On 30 August 2010, WorkSafe Victoria released a media statement about a case in a Magistrates’ Court concerning the death of a worker. Nothing new in that but in this case first aid gains a prominence that is rarely seen because in this case adequate first aid was not provided. The uniqueness of the case justifies reproducing the media release in full:
“A Melbourne magistrate has described the failure of a Cheltenham company to seek first aid for a worker who hit his head and later died as ‘outrageous’.
Metal products manufacturer Pressfast Industries Pty Ltd was convicted and fined last week after a 2008 incident where a worker fell over and hit his head on concrete after being struck by a forklift.
The 60 year-old man was later found unconscious at work and died in hospital two days later.
“There was no qualified first aider on site, and the company failed to call an ambulance or seek first aid for the worker,” WorkSafe Victoria’s Strategic Programs Director Trevor Martin said. “The only staff member with first aid training was certified in 1984, and wasn’t alerted until it was too late,” he said.
In handing down his sentence, Magistrate Andrew Capell referred to the company’s decision not to seek help from the first aider, despite the expired certificate, as ‘outrageous’.
Following the incident, WorkSafe issued charges against Pressfast under the Occupational Health and Safety Act 2004.
Pressfast was convicted of two charges and fined a total of $163,500.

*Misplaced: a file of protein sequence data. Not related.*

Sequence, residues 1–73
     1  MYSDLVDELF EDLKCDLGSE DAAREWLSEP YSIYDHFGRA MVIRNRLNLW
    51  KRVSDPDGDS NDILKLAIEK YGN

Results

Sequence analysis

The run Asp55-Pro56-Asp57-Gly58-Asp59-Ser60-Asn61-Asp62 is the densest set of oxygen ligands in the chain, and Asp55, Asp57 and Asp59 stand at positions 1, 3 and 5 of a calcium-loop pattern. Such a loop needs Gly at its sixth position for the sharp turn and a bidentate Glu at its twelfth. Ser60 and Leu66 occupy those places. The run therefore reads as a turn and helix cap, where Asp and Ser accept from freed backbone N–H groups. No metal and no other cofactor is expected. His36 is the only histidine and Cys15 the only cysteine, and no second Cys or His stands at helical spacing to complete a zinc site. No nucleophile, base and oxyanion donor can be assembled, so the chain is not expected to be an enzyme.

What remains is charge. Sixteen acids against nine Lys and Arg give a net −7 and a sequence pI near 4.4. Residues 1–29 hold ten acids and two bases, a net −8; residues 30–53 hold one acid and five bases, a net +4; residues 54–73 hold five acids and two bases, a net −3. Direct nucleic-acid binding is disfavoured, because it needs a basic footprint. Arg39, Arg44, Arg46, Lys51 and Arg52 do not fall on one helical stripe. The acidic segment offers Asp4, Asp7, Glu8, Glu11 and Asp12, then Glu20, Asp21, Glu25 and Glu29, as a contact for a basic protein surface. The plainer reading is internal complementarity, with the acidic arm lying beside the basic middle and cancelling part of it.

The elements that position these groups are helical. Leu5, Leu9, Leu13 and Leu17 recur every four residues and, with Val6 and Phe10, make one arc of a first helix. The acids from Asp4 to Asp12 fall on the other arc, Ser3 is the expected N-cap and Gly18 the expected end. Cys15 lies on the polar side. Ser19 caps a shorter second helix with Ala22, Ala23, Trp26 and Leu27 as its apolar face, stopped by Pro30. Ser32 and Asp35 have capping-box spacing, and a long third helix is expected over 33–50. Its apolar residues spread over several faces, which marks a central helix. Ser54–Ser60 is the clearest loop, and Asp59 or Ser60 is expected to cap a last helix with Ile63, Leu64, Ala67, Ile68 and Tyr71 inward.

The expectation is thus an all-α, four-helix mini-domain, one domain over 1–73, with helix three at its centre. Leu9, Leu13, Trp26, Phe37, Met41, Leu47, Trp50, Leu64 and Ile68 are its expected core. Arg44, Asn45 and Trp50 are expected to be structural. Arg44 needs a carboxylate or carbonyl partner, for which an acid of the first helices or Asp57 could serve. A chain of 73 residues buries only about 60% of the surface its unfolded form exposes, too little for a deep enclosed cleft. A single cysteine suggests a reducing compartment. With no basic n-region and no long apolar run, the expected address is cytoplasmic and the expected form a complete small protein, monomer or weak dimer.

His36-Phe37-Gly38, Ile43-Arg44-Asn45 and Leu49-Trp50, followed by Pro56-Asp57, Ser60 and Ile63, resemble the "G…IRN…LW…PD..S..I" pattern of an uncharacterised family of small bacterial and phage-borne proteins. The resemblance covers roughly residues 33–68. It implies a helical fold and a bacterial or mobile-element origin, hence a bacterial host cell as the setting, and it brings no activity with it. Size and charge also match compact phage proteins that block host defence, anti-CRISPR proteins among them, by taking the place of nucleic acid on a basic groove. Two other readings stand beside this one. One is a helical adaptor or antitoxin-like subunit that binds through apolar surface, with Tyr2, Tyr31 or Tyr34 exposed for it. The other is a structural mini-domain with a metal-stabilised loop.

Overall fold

The court agreed for the third charge to be dealt with through an Adverse Publicity Order – requiring Pressfast to pay for a series of newspaper advertisements publicising the situation and health and safety tips from WorkSafe.
“This incident really brings home the importance of workplaces having a trained first aider on site at all times,” Mr Martin said. “In this case, Pressfast didn’t have a plan in place for dealing with first aid situations. Requiring Pressfast to publicise this through newspaper advertisements will alert other companies to make sure first aid is a priority in their workplace.
“Employees need to be given information and instruction, such as the location of kits, the names of officers and procedures to be followed when first aid is required. If in doubt that the situation qualifies as an emergency, always call triple zero. The people who take your call are trained to help you,” Mr Martin said.
Pressfast director Gunther Mayr was also fined $20,000 without conviction, for failing to provide and maintain a safe working environment for employees.”
The media release was sent through just before I addressed a group of accountants on OHS as part of their professional development program. It allowed me to illustrate a vital part of any safety management system – First Aid, what is required when the safety system fails. First Aid is a neglected element of OHS for many businesses – a first aid kit and an emergency phone number is all many have, if that.
Many small businesses have no emergency first aid and yet, as I said to the small business people this evening, a first aid kit does not resuscitate, one needs a trained first aider.
In the case mentioned above, it is important to note that the magistrate’s comment was concerning the slowness in calling on the first aider, even when the skills had “expired”. To do nothing seems to be more serious than doing something and failing.
Additional information on the case may be available through local newspapers but, as mentioned before in SafetyAtWorkBlog, no court records are readily available from the Magistrate Courts. This case is another example of how access to the findings of magistrates would provide a clearer understanding of the OHS needs and shortcomings of small business.